Rejse i blåt - a novel on Andersen
Danish author Stig Dalager offers a personal interpretation of Hans Christian Andersen in his new novel, Rejse i Blåt.
By ms - H.C. Andersen 2005 - 04 November 2004
Hans Christian Andersen should not to be regarded as a naive, frivolous, or in any way pathetic figure simply telling innocent fairytales to peachy little children. On the contrary, he was an innovative and modern artist more aptly described as a cosmopolitan rolling stone who adopted an international outlook despite the parochial nationalism of his day.
In his novel, Rejse i blåt, Danish author Stig Dalager revises the common frivolous image of Hans Christian Andersen and paints a portrait of a self-conscious man confronting his small-town upbringing and the narrow-minded bourgeoisie of Copenhagen.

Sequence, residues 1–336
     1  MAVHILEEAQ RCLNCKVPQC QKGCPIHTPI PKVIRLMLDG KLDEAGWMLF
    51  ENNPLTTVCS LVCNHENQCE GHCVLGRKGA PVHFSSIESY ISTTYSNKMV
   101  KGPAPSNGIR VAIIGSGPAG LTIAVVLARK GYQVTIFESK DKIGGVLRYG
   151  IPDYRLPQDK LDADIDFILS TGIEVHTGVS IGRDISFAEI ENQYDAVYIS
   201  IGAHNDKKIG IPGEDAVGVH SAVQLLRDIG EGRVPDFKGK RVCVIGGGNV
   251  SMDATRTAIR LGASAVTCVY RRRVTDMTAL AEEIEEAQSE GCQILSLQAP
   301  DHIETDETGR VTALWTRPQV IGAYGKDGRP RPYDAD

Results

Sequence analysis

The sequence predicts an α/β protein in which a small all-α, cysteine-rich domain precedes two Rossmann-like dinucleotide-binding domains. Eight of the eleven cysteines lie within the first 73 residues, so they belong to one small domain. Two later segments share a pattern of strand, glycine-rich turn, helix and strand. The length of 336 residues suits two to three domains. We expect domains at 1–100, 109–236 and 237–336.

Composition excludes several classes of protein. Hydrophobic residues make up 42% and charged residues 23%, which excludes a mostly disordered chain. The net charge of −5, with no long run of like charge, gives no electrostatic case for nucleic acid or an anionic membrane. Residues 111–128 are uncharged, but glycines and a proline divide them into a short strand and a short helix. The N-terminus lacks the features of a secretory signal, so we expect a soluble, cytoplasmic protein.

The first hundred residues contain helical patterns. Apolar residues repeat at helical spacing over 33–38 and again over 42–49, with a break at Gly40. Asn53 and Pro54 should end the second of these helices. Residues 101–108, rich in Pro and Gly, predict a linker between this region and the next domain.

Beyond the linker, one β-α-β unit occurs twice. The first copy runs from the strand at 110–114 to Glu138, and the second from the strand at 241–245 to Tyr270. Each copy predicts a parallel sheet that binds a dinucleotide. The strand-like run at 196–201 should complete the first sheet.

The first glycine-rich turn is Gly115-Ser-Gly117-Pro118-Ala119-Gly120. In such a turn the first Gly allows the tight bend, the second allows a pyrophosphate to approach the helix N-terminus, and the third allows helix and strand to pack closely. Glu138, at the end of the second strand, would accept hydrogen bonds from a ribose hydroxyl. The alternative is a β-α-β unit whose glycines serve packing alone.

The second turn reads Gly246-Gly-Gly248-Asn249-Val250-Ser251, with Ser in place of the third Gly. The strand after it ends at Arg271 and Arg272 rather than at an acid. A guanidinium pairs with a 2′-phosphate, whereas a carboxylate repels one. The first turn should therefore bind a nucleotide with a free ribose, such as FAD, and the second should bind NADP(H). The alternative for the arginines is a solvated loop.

"Hans Christian Andersen was not a very happy person. To him writing was a way of redeeming the pain and unease that haunted him. I have not had an ideological agenda in my description of Andersen but have reacted to a desire to reach deeper into the man an artist Hans Christian Andersen. And here I have found an artistic soul I would compare with that of Picasso or Asger Jorn, who both hailed self-conscious playfulness, childishness and naivety as part of a an artistic approach," Stig Dalager states to local daily Århus Stiftstidende.
He adds that his novel is not an attempt at a biographical genre but rather as an existential portrayal that dares meet Andersen eye-to-eye in artistic, literary dialogue.
"We should draw lessons from his strong sides which are reflected in his ability to connect parochial life in Denmark with the wider world around him. This is the Andersen we can all learn from when we pay homage to him next year," says Stig Dalager.
Even before the Danish version was published by the People's Press, Rejse i blåt has already been sold to international publishing houses to be published in several other countries.